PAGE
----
To be ‘Simple’ you need to prioritise the most important and relevant information to prevent cognitive overload. By stripping away unnecessary details and distilling the essence of the message, communicators can make their ideas more accessible and memorablut sem vitae risus tristique posuere.

Unexpectedness – TA DAH!

Creating moments of surprise and breaking patterns is an effective strategy for making ideas stick in the minds of others. This is supported by ‘Gap Theory.’ According to this theory, people have a natural tendency to seek closure when faced with a knowledge gap or an incomplete pattern, therefore by introducing unexpected elements or disrupting established patterns, communicators can create curiosity and intrigue in their audience, compelling them to pay attention.

You can introduce an unexpected element, present a mystery, or challenge conventional wisdom. By doing so, you can jolt your audience out of their comfort zones and pique their curiosity, making them more receptive to the message being conveyed.It is important to maintain interest and attention throughout the communication process. You need to fight "Habituation," the tendency of individuals to become accustomed to repeated stimuli and lose interest over time. To combat habituation, include occasional surprises, such as unexpected twists or novel experiences to re-engage the audience and prevent their attention from waning.

The "Aha!" moment—the sudden realization or discovery of a solution. By creating a knowledge gap and then providing the missing piece of information, communicators can generate a sense of satisfaction and engagement in their audience.orem ipsum dolor sit amet, consectetur adipiscing elit. Suspendisse varius enim in eros elementum tristique. Duis cursus, mi quis viverra ornare, eros dolor interdum nulla, ut commodo diam libero vitae erat. Aenean faucibus nibh et justo cursus id rutrum lorem imperdiet. Nunc ut sem vitae risus tristique posuere.


Abstract ideas are often difficult for people to grasp and remember, while concrete examples and vivid details make ideas more tangible and relatable.

The "Velcro Theory of Memory," suggests that people's minds are more likely to latch onto and remember concrete information because abstract ideas lack the "hooks" that allow them to stick in memory, whereas concrete details provide something tangible for the mind to hold onto.

To make ideas more concrete you can use sensory language that appeals to the senses and creates a vivid mental image for the audience. By incorporating specific details and descriptions, communicators can bring their ideas to life and make them more memorable.

You can use relatable analogies and examples. By connecting abstract concepts to familiar situations or objects, you can make your ideas more accessible and easier to understand. Analogies serve as mental bridges that help people grasp complex ideas by drawing parallels to something they already know.

Provide specific details and vivid anecdotes that exemplify your main idea. By using concrete stories and real-life examples, communicators can make their messages more relatable and engaging, enabling the audience to connect emotionally and intellectually with the idea being presented.

Again, we need to avoid "Curse of Knowledge" when communicating ideas. Communicators must remember that their audience may not have the same level of expertise or familiarity with the subject matter. By simplifying complex concepts and using concrete language, communicators can bridge the knowledge gap and ensure their ideas are accessible to a wider audience.


To enhance credibility, you should use credible sources to back up the idea. By referencing experts, statistics, or well-known figures, communicators you can lend legitimacy to your ideas and increase their persuasiveness. Tangible details make ideas more believable and help to overcome scepticism. By offering concrete evidence, specific examples, and details that engage the senses, communicators can build trust and make their ideas more memorable.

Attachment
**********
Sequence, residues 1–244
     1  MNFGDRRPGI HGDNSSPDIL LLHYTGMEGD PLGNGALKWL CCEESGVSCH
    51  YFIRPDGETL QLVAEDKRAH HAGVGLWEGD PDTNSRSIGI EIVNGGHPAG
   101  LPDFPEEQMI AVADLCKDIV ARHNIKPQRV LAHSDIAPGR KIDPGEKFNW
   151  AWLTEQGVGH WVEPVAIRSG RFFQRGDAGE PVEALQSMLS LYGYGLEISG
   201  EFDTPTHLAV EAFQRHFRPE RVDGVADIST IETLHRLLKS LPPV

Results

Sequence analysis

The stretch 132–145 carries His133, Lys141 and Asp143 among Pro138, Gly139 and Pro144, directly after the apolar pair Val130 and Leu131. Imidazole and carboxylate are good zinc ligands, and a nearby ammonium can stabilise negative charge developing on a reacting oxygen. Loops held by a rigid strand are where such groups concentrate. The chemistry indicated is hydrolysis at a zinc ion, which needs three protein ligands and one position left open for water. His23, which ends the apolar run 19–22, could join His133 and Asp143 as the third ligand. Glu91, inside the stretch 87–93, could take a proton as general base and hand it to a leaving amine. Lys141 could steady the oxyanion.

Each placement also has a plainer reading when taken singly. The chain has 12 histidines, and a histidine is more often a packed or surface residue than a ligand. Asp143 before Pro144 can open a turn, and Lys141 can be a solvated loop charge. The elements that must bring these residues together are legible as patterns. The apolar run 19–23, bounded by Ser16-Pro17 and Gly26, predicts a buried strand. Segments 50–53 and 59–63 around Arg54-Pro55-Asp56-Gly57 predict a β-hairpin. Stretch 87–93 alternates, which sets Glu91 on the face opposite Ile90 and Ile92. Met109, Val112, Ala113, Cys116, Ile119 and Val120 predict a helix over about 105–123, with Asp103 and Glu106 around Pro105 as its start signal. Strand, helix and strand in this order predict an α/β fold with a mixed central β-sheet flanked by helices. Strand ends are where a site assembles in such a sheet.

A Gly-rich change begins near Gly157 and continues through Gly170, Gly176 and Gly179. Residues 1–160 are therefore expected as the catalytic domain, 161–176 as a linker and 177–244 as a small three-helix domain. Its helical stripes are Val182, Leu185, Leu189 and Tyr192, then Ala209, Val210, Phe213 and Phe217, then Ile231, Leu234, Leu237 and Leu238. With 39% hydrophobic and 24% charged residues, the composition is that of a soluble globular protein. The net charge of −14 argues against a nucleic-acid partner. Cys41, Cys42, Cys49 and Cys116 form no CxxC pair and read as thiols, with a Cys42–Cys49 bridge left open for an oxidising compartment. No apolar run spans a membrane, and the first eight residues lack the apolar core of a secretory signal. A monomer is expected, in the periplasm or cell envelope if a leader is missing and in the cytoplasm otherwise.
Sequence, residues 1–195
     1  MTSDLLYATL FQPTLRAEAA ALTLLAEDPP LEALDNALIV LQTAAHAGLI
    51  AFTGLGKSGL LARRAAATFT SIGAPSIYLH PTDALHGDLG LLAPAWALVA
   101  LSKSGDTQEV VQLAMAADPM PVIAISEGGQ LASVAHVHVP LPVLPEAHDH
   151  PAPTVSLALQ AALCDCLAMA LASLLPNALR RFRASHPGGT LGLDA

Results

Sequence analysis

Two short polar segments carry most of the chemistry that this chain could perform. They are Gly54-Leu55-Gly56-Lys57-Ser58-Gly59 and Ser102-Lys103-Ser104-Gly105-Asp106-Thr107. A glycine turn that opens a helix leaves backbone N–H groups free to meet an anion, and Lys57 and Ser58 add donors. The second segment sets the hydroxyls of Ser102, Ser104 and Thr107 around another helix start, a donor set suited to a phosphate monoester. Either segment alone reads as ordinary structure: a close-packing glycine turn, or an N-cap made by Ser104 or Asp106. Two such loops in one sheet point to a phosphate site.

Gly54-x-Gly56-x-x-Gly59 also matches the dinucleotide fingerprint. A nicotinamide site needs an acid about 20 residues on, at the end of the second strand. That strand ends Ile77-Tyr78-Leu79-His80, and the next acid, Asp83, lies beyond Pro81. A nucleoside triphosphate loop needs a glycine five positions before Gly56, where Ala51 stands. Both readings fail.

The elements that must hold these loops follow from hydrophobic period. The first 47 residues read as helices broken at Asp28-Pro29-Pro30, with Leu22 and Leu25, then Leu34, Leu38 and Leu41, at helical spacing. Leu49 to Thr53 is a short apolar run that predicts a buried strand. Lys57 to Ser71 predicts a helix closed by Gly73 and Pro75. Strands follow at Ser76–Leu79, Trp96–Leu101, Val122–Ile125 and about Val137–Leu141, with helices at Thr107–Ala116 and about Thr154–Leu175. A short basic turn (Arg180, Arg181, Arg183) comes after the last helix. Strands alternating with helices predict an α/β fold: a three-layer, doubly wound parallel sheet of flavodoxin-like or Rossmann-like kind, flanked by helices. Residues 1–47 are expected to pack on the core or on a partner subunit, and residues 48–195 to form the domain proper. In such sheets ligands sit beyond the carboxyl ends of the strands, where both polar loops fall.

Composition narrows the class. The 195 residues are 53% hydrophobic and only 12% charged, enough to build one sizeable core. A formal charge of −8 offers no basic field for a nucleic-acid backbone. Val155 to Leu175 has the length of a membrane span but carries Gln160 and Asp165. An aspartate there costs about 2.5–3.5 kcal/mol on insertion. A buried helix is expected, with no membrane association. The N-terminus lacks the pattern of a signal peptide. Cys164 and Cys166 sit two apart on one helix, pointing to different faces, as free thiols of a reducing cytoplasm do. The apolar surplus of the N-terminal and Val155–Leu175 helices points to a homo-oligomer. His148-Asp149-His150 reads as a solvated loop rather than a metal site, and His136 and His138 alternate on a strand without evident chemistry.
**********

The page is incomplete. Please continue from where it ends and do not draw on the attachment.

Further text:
Statistics can be used to add credibility, however, avoid overwhelming the audience with numbers. Instead use statistics selectively and provide context to make them more relatable and understandable. The "Human Scale Principle" makes statistics more personal and relatable can enhance their impact and credibility.

Use external validators and testimonials. By showcasing real-life stories and testimonials from individuals who have experienced the benefits or results of the idea, communicators can create a sense of authenticity and credibility.


Communicators can tap into the power of emotions to make their messages resonate with the audience; this can be done by appealing to self-interest. People are naturally inclined to prioritize their own well-being and needs. By connecting an idea to the audience's self-interest and highlighting the benefits or value it offers, communicators can make the idea more compelling and emotionally relevant.

By connecting an idea to positive emotions or previously established positive associations, communicators can evoke positive feelings and increase the idea's appeal. Conversely, they caution against associating an idea with negative emotions that can hinder its stickiness.

The power of identity. People often align themselves with certain identities or groups, and by tapping into those identities, communicators can make ideas more personally meaningful. By framing an idea in a way that aligns with an individual's self-perception or group affiliation, communicators can create emotional connections and enhance the stickiness of the idea.

Surprises and curiosity also play a role in generating emotional engagement. By introducing unexpected elements, creating knowledge gaps, or presenting mysteries, communicators can arouse curiosity and evoke emotions such as intrigue and excitement. This emotional engagement increases attention and the likelihood of the idea sticking in people's minds.


Stories have a unique ability to capture people's attention, create emotional connections, and make ideas more memorable and relatable. There are limits to using data and statistics alone to convey ideas. While data can provide evidence, it often fails to inspire or engage an audience. In contrast, stories have the power to humanize ideas, making them more relatable and memorable.